sábado, 3 de janeiro de 2015

Social Accountability


Offline: The case for a medical school revolution


www.thelancet.com Vol 384 September 13, 2014

“Students often underestimate the power they have to change the curriculum and change their medical school.” This message, inciting resistance and even rebellion, did not come from a maverick activist undergraduate. It came from Roger Strasser, the very establishment but equally unusual Founding Dean of Canada’s North Ontario School of Medicine. He was speaking in Milan at the annual meeting of the Association for Medical Education in Europe. This was my first AMEE conference and I left deeply admiring a community of researchers and practitioners that is motivated, inspiring, and committed to advancing health with a passion that one too rarely sees among many of today’s discontented doctors and overregulated researchers. The enthusiasm one could feel in Milan is at least partly due to a messianic zeal among these educators to make education matter. And making education matter means making it socially accountable.

What is social accountability? There is no one-line definition. Social accountability is a cluster of attitudes, values, and behaviours that deliver the mission of a medical school. Here are some of the meanings I heard in Milan—anticipating society’s health needs; defining institutional objectives hand-in-hand with society; partnering with the health system; partnering with the public; adapting to the evolving roles of all health professionals; putting in place responsive and responsible governance within the medical school; redefining the scope of medical education, research, and service delivery; supporting continuous quality improvement in education, research, and service delivery; balancing global principles with local needs; ensuring that medical students learn about the communities they serve; teaching epidemiology for a better understanding of the health needs of local populations; being clear about the essential attributes of a  socially accountable doctor in society; creating graduates who are health system change agents, not merely experts or professionals; implementing an evaluation regime for medical schools that depends on outcomes, not outputs; understanding the influence of social and cultural factors on illness; spending time meeting with other health service providers; allowing patients to participate in decision making about their care; ensuring that students learn to serve as leaders in health systems; encouraging students to take part in social justice activities; providing students with the skills to engage in lifelong learning; and giving students the confi dence to seek help with personal or professional difficulties. How do these qualities of social accountability become the foundation for a medical school? One might hope that every school was led by a charismatic Dean, such as Roger Strasser (or AMEE’s President, Trudie Roberts, who directs the Institute of Medical Education at the University of Leeds). But, as one student said in Milan, “we can’t wait for a great charismatic leader”. What can we achieve right now?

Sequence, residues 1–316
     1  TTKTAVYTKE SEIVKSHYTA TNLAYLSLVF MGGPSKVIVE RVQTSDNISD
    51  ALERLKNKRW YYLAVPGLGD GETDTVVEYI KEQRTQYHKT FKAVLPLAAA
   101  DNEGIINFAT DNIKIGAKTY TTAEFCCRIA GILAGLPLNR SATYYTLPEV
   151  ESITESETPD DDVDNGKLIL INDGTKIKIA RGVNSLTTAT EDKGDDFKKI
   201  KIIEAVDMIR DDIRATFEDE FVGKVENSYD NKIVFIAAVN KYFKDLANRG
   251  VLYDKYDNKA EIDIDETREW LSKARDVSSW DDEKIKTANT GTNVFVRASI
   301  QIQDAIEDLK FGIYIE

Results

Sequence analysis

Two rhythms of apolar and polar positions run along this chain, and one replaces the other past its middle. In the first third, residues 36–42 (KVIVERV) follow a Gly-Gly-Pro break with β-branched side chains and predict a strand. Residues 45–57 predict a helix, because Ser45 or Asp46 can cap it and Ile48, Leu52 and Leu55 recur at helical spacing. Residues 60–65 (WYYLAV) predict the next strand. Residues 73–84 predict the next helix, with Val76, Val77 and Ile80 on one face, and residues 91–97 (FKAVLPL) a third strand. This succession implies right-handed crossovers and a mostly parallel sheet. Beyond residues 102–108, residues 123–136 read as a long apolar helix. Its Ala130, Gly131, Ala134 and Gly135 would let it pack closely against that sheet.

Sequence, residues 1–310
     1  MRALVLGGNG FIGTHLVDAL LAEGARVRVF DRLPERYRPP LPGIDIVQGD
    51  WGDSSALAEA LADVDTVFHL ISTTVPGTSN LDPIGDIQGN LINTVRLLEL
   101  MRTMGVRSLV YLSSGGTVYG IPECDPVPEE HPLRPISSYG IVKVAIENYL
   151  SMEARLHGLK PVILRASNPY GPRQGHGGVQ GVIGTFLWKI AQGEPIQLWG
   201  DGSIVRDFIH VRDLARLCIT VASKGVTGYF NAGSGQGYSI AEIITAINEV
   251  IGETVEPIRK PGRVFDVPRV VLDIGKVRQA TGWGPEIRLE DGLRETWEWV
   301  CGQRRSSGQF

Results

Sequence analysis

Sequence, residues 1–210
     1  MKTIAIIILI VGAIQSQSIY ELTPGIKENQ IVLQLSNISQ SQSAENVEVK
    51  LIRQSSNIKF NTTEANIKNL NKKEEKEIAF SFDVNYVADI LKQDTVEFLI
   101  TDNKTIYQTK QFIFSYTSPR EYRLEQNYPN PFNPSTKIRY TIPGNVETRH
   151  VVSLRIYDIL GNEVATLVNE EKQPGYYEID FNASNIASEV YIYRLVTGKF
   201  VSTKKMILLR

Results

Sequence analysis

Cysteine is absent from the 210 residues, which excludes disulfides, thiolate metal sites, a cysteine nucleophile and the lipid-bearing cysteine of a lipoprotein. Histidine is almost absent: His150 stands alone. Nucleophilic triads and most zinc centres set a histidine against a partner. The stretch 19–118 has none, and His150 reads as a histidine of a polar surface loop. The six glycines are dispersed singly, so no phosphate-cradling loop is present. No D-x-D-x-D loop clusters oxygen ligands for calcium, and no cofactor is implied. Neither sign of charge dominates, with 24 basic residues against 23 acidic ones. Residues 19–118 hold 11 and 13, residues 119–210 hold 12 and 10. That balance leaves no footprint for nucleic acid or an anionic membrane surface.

A great deal (the clue lies in Roger Strasser’s call to action). For some, though, talk of social accountability was impossible. One American physician pleaded for an alternative name. The term “social accountability” was interpreted as “socialist” by her academic colleagues. The best she could do was to use a politically neutral term, such as “service learning”. Indeed, there still exists a pervasive scepticism about the social mission of medicine (those in Milan were not typical of medical school leaders). Writing in the Annals of Internal Medicine recently, Michael Stillman (from the University of Louisville School of Medicine, Kentucky) argued that instead of a social mission, “I want [our residents] first and foremost to be superb clinicians”. He went on: “I worry that medical educators are being asked to train young physicians not in the best traditions of our profession, but rather to simply melt into a dizzyingly complicated and capricious health system.” The UK’s General Medical Council is more ambitious. It has commissioned educators, clinicians, and students to devise objectives for sustainable (socially accountable) health care. Why is social accountability proving so difficult to achieve? Perhaps because clinicians and educators have very different perspectives. As one paediatric intensivist from Canada explained to me, “Doctors are not trained to think about health. We are trained to think about disease. If you talked about health with someone in intensive care on a ventilator, they would roll their eyes.” Medical education and clinical practice: can these two cultures be bridged? I’d like to think so. But that’s not good enough.


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